Learning from California
Oregon has the benefit of learning from California's cap-and-trade program. But that's where things get complicated.
Severin Borenstein, an energy market expert at the University of California, Berkeley, says before the 2008 recession, California set its emissions cap too high, thinking the economy would grow faster than it did.
That has created a problem where there are more than enough pollution permits to go around, so it's cheap and easy for companies to stay under the cap without actually reducing their emissions.
"I definitely think Oregon should be doing something different than California has done," Borenstein says. "Right now, if you ask what is the current cap-and-trade market doing to reduce carbon emissions, I think the answer is not very much."
Lawmaker Power says there's debate over whether California set its cap too high, though she acknowledges general agreement that carbon prices have been too low to spur emission reductions. She is hoping Oregon can avoid that problem.
Borenstein says other cap-and-trade programs — in Europe and in Eastern U.S. states involved in the program known as the Regional Greenhouse Gas Initiative — have also set emissions caps high enough that they haven't had much impact on emissions.
"The problem is wherever you set the cap, it's very, very hard to predict what the business-as-usual emissions of your economy are going to be five or 10 years from now," he says.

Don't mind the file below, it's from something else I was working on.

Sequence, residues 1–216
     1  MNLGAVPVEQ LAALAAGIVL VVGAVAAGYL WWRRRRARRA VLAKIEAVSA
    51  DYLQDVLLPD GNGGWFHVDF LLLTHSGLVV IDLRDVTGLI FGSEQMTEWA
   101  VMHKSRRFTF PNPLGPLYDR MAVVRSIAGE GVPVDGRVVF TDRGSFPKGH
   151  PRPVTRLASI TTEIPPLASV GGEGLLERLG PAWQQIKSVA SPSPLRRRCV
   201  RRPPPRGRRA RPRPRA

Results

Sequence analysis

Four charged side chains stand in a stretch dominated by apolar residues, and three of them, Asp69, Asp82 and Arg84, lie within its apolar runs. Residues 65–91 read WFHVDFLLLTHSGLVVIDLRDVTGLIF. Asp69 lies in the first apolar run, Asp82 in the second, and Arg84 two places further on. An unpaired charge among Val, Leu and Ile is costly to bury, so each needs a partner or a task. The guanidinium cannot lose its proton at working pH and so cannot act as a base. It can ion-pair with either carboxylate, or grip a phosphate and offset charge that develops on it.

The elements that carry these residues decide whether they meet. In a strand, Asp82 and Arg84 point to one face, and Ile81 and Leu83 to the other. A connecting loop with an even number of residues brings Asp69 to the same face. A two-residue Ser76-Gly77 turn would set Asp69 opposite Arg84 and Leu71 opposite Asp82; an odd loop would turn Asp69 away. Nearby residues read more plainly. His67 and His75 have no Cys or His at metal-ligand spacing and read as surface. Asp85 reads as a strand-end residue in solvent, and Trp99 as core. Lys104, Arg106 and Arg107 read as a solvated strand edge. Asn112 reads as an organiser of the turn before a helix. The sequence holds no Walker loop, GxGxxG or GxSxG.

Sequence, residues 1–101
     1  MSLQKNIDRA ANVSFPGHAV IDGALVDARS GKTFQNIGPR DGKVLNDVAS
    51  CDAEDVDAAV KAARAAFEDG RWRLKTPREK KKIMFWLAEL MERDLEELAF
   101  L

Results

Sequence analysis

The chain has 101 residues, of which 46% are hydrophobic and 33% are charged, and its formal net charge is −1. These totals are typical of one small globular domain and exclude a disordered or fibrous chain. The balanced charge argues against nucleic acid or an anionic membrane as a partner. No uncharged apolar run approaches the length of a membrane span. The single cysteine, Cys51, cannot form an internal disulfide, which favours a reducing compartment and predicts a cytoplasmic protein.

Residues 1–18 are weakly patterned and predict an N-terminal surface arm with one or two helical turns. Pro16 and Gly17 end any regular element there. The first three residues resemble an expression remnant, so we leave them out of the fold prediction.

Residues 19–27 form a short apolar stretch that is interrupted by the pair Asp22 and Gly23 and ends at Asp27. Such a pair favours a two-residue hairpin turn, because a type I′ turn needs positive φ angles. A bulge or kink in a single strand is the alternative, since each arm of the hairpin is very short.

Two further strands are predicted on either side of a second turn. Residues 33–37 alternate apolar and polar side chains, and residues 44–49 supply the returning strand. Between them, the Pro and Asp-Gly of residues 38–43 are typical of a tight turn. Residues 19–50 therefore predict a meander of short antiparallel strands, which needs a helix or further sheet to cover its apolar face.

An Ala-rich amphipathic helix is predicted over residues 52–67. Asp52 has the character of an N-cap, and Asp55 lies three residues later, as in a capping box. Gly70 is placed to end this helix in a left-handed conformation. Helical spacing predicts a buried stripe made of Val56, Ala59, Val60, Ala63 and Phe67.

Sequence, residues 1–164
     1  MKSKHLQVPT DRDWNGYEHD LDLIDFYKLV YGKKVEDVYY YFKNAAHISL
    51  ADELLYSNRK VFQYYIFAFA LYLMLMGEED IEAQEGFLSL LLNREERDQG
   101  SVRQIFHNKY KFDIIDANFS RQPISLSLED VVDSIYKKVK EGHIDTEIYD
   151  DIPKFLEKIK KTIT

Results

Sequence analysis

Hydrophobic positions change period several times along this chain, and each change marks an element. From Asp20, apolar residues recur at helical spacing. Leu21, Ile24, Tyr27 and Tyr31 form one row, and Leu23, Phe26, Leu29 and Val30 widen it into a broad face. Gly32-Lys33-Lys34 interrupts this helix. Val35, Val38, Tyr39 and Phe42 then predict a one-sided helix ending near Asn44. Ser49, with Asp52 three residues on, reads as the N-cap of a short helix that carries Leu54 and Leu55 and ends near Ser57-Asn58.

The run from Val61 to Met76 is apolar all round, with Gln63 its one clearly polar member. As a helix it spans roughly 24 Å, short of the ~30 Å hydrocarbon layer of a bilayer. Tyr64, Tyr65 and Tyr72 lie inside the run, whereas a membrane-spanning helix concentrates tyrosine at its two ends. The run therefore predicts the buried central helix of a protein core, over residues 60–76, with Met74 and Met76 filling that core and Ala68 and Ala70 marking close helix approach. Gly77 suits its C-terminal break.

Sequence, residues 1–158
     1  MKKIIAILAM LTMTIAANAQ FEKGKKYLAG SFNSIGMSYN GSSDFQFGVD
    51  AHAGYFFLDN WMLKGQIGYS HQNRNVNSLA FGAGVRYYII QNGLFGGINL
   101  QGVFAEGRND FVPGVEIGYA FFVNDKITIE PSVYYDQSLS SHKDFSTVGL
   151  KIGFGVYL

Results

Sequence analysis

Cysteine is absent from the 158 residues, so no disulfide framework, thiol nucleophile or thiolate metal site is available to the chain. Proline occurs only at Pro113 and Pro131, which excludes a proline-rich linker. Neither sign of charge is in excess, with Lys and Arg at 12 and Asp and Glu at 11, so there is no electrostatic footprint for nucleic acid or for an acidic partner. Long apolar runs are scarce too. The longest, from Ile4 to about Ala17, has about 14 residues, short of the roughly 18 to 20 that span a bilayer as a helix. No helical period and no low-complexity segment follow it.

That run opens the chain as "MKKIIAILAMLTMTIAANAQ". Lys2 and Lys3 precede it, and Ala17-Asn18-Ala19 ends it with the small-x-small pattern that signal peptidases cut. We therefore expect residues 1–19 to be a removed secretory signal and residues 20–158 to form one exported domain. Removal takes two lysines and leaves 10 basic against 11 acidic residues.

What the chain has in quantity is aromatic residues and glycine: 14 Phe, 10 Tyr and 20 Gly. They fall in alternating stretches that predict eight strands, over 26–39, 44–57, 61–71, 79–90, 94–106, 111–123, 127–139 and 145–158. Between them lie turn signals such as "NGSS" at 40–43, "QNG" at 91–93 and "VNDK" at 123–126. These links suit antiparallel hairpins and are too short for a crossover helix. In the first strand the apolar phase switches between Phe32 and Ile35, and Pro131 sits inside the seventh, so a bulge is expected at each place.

One of his key recommendations is to set minimum and maximum prices for pollution permits to prevent the program from having too little — or too much — impact on energy prices and emissions.
Power says Oregon's plan does that, and also uses past years of greenhouse gas reporting to develop "a more realistic and stable perspective on what emissions are and where they should be."
Environmental justice groups splinter
Khan Pham with the Oregon environmental justice group OPAL is part of a coalition of groups around the world that are speaking out against Oregon's bill and carbon pricing schemes more broadly.
Pham says emissions from some oil refineries have increased under California's program, because cap-and-trade allows that as long as a company pays for extra pollution permits.
"It's really pay-to-pollute, and we need to stop polluters from polluting," Pham says. "It's had a disproportionate impact on low-income communities and communities of color."
Pham says other kinds of regulations, such as requirements for low-carbon transportation fuel and more renewable sources of electricity, are working better than cap-and-trade to reduce emissions in California. Oregon also has those additional requirements, and Pham says she would like to see more direct regulations like those.